By Justin Seward
The Bow Island Playschool Association has running out of St. Michael’s School for 18 years and has more recently placed a focus on community engagement and hands on interaction for their young students.
The privately ran association’s programs run on Tuesdays and Thursdays for Bow Island and county area three and four year olds.
Three-year-olds are in the morning session and the four-year-olds are in the afternoon, with each session running two-and-a half hours long.
“We usually start more of a formal, I call it ‘circle time,’” said teacher Lorraine Wikkerink.
“We get together. We do the calendar, weather, usually a story time and that is centered around a theme and then I incorporate different recognitions of letters, math, counting, sorting … getting their skills ready for reading.”
Sensory play has been an area of significance, which allows the kids to feel different textures, including wet, dry or sticky.
A recent experiment the kids did prior to wrapping up prior to the Christmas break was decorating a bristled tree with pom poms and fake snow.
“(It’s) not so much in our rural community, but more in the cities, there’s not a lot of kids that get outside and play a lot and have that opportunity to play in different things,” she said.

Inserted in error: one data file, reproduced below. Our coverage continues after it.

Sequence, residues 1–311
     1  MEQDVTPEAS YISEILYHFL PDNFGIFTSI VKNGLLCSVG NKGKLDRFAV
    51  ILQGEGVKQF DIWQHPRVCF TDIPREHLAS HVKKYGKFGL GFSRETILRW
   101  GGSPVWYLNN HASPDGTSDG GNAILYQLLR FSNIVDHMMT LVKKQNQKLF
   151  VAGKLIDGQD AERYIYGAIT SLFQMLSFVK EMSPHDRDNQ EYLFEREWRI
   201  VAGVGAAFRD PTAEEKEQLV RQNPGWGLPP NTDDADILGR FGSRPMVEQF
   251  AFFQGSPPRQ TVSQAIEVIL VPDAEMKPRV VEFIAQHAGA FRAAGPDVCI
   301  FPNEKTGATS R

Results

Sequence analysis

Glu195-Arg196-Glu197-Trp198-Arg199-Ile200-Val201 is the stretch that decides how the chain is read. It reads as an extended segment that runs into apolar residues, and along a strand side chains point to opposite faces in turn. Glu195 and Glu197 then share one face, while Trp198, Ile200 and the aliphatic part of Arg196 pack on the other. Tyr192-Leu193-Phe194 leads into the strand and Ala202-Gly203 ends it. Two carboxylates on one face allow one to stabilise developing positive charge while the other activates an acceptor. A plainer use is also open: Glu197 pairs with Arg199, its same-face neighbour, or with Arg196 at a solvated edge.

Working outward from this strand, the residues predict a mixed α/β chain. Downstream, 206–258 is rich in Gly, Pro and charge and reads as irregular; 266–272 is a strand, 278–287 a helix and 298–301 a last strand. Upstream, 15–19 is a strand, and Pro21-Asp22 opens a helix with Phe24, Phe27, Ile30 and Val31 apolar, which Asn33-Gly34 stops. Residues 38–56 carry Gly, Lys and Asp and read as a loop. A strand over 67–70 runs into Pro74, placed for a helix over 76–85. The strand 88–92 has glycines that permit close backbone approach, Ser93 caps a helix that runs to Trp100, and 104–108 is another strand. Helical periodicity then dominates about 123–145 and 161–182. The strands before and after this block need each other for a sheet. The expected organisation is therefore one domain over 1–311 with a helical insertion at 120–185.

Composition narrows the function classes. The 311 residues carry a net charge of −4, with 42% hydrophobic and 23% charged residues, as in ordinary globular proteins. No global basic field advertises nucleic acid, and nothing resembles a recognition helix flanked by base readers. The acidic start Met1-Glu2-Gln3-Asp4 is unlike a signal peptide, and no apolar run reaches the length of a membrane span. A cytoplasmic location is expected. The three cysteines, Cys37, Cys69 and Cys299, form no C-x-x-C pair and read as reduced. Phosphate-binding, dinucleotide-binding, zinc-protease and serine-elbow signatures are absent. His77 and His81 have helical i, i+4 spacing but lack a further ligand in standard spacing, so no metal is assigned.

“That’s a big thing now is playing in different things. It might be in rice, sand, water, slime. Every week I have a different theme and different centres that they can go to and experience different things.
“This year, Playdo is a big thing and the sensory table. Most of them like to paint. We also have an outdoor time that we go outside and then music class.”
Getting out the community is also essential to the young children’s development such as a recent fire hall visit as well as having local RCMP, a garbage man and a hair dresser coming into give the kids a talk.
“ We were doing a fire station… we talked about an area of the fire, (and how) you can’t be afraid,” said Wikkerink.
“They don’t really hear and see or feel what the firemen looks like unless he’s right in the next room with you. I said ‘They’re a friend and they’re there to protect you and you don’t need to be afraid of them.’’
“We’re very blessed that we do have still people to volunteer their time that will come into the classroom, whether it’d be the RCMP officer or the garbage man.”
These initiatives are a part of the goals the playschool has set to enhance their social skills and making friendships.
“For me too, there are friendships with parents and their children,” said Wikkerink.
“I think a great opportunity to have these little ones and to have (ones) trusts in their care. They don’t know who I am. I don’t know who they are. It’s a learning curve on either side. We worked together as parents and teachers.
Sessions start up again on Jan. 8 and sign up is available now by calling Wikkerink (403) 545-2649 or Tara Robertson (403) 866-9272.